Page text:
Upsets, arguments and all-around impressive tennis was showcased from Tuesday, July 27 to Friday, July 30 during the eighth annual North Shore Towers Junior Championships.
“It’s a great opportunity to show-off our country club and for the residents to watch some great match-ups,” said Annelies Karp, director of the USTA tournament and resident of North Shore Towers.
One of the most impressive performances of the day came from Finbar Talcott – an 11-year-old whose skill allowed him to move up to the 14-year-old division. Though considerably younger than the rest of the competition, Talcott fought with the heart of a lion and pumped his fist after winning points.
Talcott played a semi-final match-up against Joshua Doyle from Germany. Doyle won their match and eventually took down Jonathon Baker – fresh off a gold medal win for his Hudson Valley team in the Empire State Games – in the finals to win the 14-year-old division.
“I’m visiting New York this week so I figured I’d play a few tournaments. It’s pretty cool,” said Doyle, who will bring a trophy back to Germany.
Another entertaining match-up came in the 12-year-old final between first-seeded Daniel Rosenblatt and third-seeded Rajan Vohra, as they battled with their racquets and words on the court. Some close calls on the baselines prompted passionate verbal disputes as both competitors were not willing to give an inch to his opponent. In the end, and after some “McEnroe like” celebrations, Vohra was able to upset Rosenblatt in straight sets, 6-4; 7-6.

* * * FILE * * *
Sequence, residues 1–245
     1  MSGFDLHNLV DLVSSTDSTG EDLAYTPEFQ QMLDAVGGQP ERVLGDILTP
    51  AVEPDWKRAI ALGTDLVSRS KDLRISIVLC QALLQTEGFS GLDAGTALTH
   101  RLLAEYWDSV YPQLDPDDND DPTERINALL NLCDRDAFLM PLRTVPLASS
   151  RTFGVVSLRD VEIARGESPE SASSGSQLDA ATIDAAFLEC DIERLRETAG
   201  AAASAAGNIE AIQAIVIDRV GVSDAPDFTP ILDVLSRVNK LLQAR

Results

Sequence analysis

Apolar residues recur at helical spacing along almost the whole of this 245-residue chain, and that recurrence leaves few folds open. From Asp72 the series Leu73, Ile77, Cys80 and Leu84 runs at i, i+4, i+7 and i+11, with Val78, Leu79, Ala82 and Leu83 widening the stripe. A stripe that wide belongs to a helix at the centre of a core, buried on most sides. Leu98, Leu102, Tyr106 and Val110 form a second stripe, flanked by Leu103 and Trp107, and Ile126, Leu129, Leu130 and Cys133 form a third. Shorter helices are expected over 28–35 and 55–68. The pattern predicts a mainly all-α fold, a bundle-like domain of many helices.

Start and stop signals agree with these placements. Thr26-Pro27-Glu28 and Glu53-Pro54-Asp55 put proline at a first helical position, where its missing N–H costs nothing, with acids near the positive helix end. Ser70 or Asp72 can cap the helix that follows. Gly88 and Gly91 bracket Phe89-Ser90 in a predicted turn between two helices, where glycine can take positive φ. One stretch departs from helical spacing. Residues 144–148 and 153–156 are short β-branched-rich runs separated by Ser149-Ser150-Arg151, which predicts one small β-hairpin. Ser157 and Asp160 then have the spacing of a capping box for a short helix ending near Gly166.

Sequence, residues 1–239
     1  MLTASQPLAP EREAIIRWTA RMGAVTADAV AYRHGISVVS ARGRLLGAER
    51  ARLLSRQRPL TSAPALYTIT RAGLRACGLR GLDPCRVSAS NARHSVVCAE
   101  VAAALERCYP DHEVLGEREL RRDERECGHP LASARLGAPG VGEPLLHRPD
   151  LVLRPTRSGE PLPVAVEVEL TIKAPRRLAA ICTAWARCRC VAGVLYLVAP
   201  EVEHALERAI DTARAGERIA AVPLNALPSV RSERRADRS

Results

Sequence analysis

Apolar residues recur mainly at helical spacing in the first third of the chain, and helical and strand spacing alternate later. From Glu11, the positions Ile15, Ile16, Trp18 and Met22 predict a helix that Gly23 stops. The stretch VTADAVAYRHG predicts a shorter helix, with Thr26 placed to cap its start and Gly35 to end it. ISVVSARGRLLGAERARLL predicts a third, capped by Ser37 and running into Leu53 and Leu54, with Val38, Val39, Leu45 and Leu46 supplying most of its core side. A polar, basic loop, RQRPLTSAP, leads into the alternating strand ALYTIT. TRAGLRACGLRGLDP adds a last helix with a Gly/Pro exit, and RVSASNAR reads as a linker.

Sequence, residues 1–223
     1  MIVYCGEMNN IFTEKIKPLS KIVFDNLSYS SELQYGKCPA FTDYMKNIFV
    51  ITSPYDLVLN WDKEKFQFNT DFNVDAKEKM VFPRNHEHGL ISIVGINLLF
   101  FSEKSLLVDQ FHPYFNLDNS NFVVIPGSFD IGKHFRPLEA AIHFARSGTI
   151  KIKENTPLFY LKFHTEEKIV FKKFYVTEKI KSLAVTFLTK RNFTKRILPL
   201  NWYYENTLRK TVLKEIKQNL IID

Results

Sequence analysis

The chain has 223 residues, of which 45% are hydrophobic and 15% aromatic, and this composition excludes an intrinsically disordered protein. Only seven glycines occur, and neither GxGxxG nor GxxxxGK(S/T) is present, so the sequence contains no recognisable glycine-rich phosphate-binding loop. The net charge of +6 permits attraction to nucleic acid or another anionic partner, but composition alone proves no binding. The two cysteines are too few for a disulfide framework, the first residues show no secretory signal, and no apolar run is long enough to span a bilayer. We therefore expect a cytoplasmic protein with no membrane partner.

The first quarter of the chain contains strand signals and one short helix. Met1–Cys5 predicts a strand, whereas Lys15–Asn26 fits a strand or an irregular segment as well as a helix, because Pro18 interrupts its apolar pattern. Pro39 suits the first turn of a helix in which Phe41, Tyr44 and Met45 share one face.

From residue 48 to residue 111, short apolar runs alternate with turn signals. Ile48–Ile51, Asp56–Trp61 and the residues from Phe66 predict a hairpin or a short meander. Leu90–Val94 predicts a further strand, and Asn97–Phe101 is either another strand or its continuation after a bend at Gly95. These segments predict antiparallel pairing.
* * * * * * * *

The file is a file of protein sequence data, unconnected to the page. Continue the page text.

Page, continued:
Other champions included seven-seed Stefan Ilic, who did not lose a set in the semi-finals or finals in the 18-year-old division; Alex Sacher in the 16-year-old division; first-seeded Emma Taylor and Samantha Tutleman, who won the 18 and 16-year-old girls divisions respectfully; and unseeded Alexa Graham, who won the 14-year-old girls division.
Playing without the humidity that plagued most of July, 132 competitors entered this year’s championship. Throughout the tournament, residents of North Shore Towers were able to relax courtside and watch the future stars of tennis.
“I don’t have a dog in the hunt, but it’s fun to watch,” said resident Fred Wittenstein.